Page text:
On Finding a Lost Ezra Pound Poem in a Castle

The Schloss Brunnenburg, where Ezra Pound once lived.

Hast thou 2 loaves of bread
Sell one + with the dole
Buy straightaway some hyacinths
To feed thy soul. —Ezra Pound

I found this short poem by Ezra Pound as I was researching a book about Pound’s years in Saint Elizabeth’s Hospital. It appears for the first time in my book The Bughouse and in the Fall issue of The Paris Review. Finding a previously unpublished poem by Ezra Pound sounds both adventurous and grittily archival, but really, this was neither. It was waiting in an obvious place: in the Schloss Brunnenburg, in the Tyrol, in Northern Italy, which is the fairy-tale castle where Pound lived late in his life, and where his daughter still lives today. The poem wasn’t lost, it just hadn’t been found; and perhaps this is because it doesn’t look quite right. It is too tender, too small. It isn’t hugely complicated. Everyone knows that Pound was the archetypal impossible modernist, austere and difficult. Yet here was a little poem, written on the back of an envelope, about flowers. It lacks, for better and for worse, the grandeur we expect. 

It’s a trickier poem than it looks, of course. There are two objects, and the poem insists we trade one for the other, bread for hyacinths. They do not rhyme, for the poem has only one rhyme: “dole” and “soul.” “Dole” is an odd word, for it means both “money” and “grief.” We still have this double in the homophones dollar and dolor, and the slight tangle is explained simply. “Dole” is actually two words with different etymologies: one comes from the Old English, meaning “portion” or “share,” while the other comes from Latin, and this means “sorrow.” Two things become one; or one becomes two. The poem is halfway to an equation, and the exchange is carefully measured: in the figure “2” in the place of the word, in the mathematical symbol.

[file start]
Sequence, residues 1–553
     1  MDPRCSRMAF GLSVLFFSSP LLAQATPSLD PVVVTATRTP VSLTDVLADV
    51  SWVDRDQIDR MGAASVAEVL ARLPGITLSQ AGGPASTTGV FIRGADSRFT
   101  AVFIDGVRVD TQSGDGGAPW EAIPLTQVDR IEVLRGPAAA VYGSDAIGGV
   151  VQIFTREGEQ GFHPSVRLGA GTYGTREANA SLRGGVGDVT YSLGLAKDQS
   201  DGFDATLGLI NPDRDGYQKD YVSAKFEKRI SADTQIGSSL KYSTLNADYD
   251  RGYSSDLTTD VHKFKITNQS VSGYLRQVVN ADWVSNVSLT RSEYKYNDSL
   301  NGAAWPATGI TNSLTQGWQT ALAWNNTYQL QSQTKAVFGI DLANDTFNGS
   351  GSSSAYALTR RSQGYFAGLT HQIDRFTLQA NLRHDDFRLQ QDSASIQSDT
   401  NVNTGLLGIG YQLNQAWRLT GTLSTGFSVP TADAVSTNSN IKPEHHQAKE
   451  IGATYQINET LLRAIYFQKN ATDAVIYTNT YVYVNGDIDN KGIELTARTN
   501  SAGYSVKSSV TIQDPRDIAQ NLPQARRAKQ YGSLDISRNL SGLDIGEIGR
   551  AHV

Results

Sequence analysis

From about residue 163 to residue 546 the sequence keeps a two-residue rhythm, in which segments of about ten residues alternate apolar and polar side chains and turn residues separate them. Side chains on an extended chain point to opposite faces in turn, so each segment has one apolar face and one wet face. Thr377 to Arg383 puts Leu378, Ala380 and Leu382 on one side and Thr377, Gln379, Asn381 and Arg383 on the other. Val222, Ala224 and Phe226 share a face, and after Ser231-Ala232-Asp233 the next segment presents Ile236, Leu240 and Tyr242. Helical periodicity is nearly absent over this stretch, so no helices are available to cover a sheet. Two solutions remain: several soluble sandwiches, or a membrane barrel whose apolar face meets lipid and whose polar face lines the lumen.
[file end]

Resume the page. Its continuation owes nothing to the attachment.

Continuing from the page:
The great paradox of Ezra Pound is that the message of his politics was so often contradicted by the forms in which he wrote. He spent World War II broadcasting fascist propaganda from Italy, and then the following decade as a patient at Saint Elizabeth’s Hospital for the insane in Washington, D.C. In the broadcasts, he spoke against the mixing of races and preached anti-Semitic hate, and yet the method of his poetry insists that ideas can and must be translated across cultures. He mixes African myth with classical Greek epic, ancient Chinese poetry and the American blues. These were messages that got Pound into trouble: his idea that poets should be taken seriously, should be listened to on the topics of economics and politics and the running of the world. In this little poem, he offers a simple lesson: that the world of bread must have a place for hyacinths, too.

We shouldn’t take this spiritualism too seriously, however. You don’t give away your loaves but trade one of them carefully, while the other is held back, perhaps for lunch, just as the things of this world are balanced with the next. Reading the poem again, I realize: now he has all the ingredients for a hyacinth sandwich.

Daniel Swift’s book The Bughouse: The Poetry, Politics and Madness of Ezra Pound will be published by Farrar, Straus and Giroux in November. 

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